Imagine a game of go as the two players taking turns making moves of different simple values, and these will add up to give the final result. For instance, letâs say we have moves of values 5, 3, 2 and 1 points under Japanese rules. Black goes first and takes the 5-point move, then white takes the 3-point move, black the 2-point and finally white gets the 1-point move. The score from blackâs perspective is:

+5 -3 +2 -1 = 3

Now letâs say we look at the same game under Chinese rules. Here each of the values will be 1 bigger, so we get:

+6 -4 +3 -2 = 3

Each of the individual moves were 1 point bigger, but the final score is the same, because black and white made the same number of moves! If you retry it with an odd number of moves, youâll find a 1-point difference between Japanese and Chinese rules.

The swing value for Chinese rules you calculated in your first seki example was +7 - (-15) = 22. But *both* the 7 and the 15 has one of those hidden +1âs inside of them, which adds up to 2 extra points. This is what I meant by âan extra point in both directionsâ. Hopefully by the numeric example above itâs clear that throughout a whole game, all these +1âs in both directions basically cancel out.

As for the âhow big a difference between the counting methods is possible in local scoring?â question - if you have a bigger local tally you can get a larger difference in swing values.

For instance, letâs say we try to calculate the value of this ko:

Either black takes and then fills the ko, or white just fills the ko.

Under Japanese rules, the swing between the two outcomes is 1 point.

Under Chinese rules, the swing is 4 points.

Where did the 3-point discrepancy come from? In the first variation, black makes two additional moves. In the second variation, white makes one additional move. This adds up to a local tally of 3.

So if you want to keep making that number bigger, you can look at multi-stage koâs like this one:

(here the difference between the two extreme results is a local tally of 5: black could take twice then fill, or white could take once then fill)

However, the larger swing value doesnât correspond to anything meaningful in terms of gameplay! You donât usually need to prioritize endgame moves differently depending on the rulesets, not until you reach the very late endgame and the parity of dame starts mattering.

What *is* meaningful in terms of gameplay is the miai value. Those are consistently 1 point bigger under Chinese rules, no more and no less (ignoring seki and other weirdness for the time being). But this means the relative importance of different moves will stay consistent across the rulesets.

In summary: divide by the local tally and everything works out more nicely

If dividing by 2 still feels a bit arbitrary for your examples, hereâs another way of looking at it, starting with a simpler situation:

Black can play A2 to make 2 points (letâs use Japanese rules for now). But itâs equally likely that white will get to play A2 and black will make 0 points. If we wanted to count how many points black has on the full board, giving black either 0 or 2 points is inaccurate, because we donât know which one it will be. Itâs better to say that black will get 1 point *on average*.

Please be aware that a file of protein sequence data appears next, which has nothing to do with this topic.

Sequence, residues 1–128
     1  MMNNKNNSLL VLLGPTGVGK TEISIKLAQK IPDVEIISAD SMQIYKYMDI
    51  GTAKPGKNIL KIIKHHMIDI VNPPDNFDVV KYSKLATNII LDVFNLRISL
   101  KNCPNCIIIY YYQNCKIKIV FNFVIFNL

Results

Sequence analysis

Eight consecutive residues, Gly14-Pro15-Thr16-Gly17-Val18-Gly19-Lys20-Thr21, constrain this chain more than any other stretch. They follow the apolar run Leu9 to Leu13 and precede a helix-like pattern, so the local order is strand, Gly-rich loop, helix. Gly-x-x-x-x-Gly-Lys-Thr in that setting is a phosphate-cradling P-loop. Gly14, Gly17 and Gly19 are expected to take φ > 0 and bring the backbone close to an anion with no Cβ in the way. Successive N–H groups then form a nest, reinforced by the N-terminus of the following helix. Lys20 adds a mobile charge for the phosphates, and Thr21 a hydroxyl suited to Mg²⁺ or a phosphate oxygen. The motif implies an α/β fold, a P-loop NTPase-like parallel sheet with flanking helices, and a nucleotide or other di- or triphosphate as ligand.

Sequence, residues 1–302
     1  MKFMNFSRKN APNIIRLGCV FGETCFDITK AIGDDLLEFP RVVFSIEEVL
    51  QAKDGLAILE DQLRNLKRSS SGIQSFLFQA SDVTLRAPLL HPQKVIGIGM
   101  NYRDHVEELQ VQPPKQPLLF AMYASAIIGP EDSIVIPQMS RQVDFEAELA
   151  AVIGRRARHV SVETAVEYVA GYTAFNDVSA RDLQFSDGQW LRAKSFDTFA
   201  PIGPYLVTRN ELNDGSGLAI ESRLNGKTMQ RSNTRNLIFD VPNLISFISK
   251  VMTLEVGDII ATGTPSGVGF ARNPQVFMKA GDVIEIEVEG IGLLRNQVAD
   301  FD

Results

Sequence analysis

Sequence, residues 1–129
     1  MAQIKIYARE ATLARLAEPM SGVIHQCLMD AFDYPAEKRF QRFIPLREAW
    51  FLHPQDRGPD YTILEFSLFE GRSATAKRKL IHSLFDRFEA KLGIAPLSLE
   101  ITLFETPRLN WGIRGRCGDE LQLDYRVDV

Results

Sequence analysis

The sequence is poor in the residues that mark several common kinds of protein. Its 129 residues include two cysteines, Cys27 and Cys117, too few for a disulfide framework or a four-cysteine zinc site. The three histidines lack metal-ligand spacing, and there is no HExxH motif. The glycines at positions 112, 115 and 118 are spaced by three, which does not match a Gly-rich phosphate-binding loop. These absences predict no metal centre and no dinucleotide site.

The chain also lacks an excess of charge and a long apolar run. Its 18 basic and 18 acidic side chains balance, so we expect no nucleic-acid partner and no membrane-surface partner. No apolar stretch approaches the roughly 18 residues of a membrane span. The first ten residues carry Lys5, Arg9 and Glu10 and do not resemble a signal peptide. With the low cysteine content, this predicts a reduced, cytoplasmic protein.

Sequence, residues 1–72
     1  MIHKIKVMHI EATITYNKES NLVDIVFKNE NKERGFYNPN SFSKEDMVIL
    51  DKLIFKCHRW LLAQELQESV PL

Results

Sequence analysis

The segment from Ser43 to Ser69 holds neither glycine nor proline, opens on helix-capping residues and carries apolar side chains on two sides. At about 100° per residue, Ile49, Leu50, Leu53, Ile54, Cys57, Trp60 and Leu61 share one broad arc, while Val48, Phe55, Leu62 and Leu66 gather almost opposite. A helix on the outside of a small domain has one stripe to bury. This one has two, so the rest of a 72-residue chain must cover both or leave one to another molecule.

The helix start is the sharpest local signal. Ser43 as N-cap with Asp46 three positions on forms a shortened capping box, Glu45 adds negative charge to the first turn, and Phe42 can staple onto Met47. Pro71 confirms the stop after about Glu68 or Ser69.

(If there happens to be two of these situations on the board, black will get one, white will get the other, so black will get 2+0 points, which is the same as the 1+1 we would have counted on average without knowing who gets what.)

So in the current position black already âhasâ 1 point, even without having played A2. Then by playing A2, blackâs score will go up to 2 points - a gain of 1 point. Similarly, if white plays A2, she will take away 1 point from black.

The current score is +1. Black can move it up to +2, or white could move it down to 0. The swing between the two outcomes is 2 points, but it turns out to be more generally useful to think of how far each individual move changes the score from the previous average - in this case, 1 point per move.

Thus under miai counting, A2 is a 1-point move (not a 2-point move as we might otherwise think!). The advantage of this way of counting is that it letâs us compare values between more different situations - for instance the multi-stage ko above. The total swing between the two extremes of black/white winning the multi-stage ko is quite large, but either player needs to spend several moves to get that full value. Meanwhile, the other player is profiting elsewhere. So in an actual game, what we care about is how much value we can get *per move*.

To bring it back to your first example, we could say that black already has 10 points on average (Japanese rules) here:

Then one of two things will happen: Black can play the triangle and gain an additional 10 points, or white can play the triangle and steal blackâs 10 points.

For Chinese rules, the average for black is 4 points, and from there black can move it up to 15 points or white can move it down to -7 points (sorry about switching your sign convention ). The individual moves have value 11.

Hope that makes these 20/2=10 and 22/2=11 values seem a bit more natural, rather than something I just pulled out of a hat